National Geographic : 1958 May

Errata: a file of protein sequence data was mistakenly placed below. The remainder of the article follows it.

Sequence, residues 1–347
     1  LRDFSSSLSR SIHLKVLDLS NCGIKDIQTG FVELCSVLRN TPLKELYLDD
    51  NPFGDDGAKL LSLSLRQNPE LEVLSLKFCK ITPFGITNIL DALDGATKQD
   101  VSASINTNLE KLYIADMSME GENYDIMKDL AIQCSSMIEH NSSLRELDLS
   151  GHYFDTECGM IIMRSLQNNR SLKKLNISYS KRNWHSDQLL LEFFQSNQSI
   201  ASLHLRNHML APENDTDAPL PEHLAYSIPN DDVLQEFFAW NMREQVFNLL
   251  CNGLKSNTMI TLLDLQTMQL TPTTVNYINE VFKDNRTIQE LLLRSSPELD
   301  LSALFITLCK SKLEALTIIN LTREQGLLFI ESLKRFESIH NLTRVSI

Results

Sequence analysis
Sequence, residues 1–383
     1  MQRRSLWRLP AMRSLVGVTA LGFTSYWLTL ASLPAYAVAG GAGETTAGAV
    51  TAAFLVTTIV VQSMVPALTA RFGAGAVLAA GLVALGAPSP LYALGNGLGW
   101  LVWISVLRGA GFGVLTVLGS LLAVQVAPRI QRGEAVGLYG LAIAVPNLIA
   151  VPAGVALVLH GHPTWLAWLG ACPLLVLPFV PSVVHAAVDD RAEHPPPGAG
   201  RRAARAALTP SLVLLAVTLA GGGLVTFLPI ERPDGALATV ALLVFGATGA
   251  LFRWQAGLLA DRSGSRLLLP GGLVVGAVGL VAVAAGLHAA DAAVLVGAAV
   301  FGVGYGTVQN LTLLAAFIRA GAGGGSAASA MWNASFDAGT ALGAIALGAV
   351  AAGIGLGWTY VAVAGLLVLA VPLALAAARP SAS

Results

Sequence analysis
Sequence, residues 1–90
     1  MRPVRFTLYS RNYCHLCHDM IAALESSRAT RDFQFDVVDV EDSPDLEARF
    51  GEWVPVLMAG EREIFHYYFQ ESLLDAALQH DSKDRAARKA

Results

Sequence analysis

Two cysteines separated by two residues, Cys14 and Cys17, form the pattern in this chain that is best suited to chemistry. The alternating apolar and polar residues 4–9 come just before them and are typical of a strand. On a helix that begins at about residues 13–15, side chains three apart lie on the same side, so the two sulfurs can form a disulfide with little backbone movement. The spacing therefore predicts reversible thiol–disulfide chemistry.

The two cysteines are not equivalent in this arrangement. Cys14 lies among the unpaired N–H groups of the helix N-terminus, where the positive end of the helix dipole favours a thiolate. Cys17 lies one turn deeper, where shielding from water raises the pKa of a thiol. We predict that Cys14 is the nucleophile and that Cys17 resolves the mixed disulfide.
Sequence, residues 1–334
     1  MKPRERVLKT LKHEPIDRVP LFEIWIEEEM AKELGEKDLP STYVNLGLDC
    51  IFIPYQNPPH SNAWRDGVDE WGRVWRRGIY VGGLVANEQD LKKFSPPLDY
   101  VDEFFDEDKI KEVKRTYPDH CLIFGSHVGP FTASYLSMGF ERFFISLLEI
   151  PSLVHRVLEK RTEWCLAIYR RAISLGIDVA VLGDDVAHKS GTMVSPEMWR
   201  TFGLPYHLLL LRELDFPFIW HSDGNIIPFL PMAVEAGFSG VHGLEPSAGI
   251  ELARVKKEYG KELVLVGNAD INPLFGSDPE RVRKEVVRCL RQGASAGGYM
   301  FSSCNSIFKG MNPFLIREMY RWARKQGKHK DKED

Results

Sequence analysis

The strange case of the shark's teeth ... and some important facts about yours Had Mother Nature made the same provisions for our teeth as she did for the shark's, good dental health would be no problem at all. For when a shark loses a tooth, a new one soon grows in its place. Once we lose a tooth, however, it is gone for good. Yet, the second set of teeth which Mother Nature gives us is strong and durable enough to last a lifetime . . . if given proper care. Un fortunately, too few of us do so. Proof of our neglect comes from the American Dental Association. It reports that only 40 per cent of all Americans get reasonably adequate and regular dental care. The rest get emergency care or none and one out of 7 adults has never been to a dentist. Moreover, the number of cav ities in children's teeth is unbelievably high. There is more to be gained from regular dental care than simply keeping the teeth clean, bright and healthy. For when decay strikes, when gums become diseased, when abscesses form at the roots of the teeth ... a center of infection is established from which germs may enter the blood stream and cause disease in other parts of the body. Even the smallest break in the enamel can pave the way for infection in the interior of a tooth. The dentist can usually detect such trouble by X-ray examination and check it be fore serious damage occurs. If you see your dentist regularly, eat a well balanced diet, and keep your teeth clean; your chances will be far better to keep most of your teeth most of your life.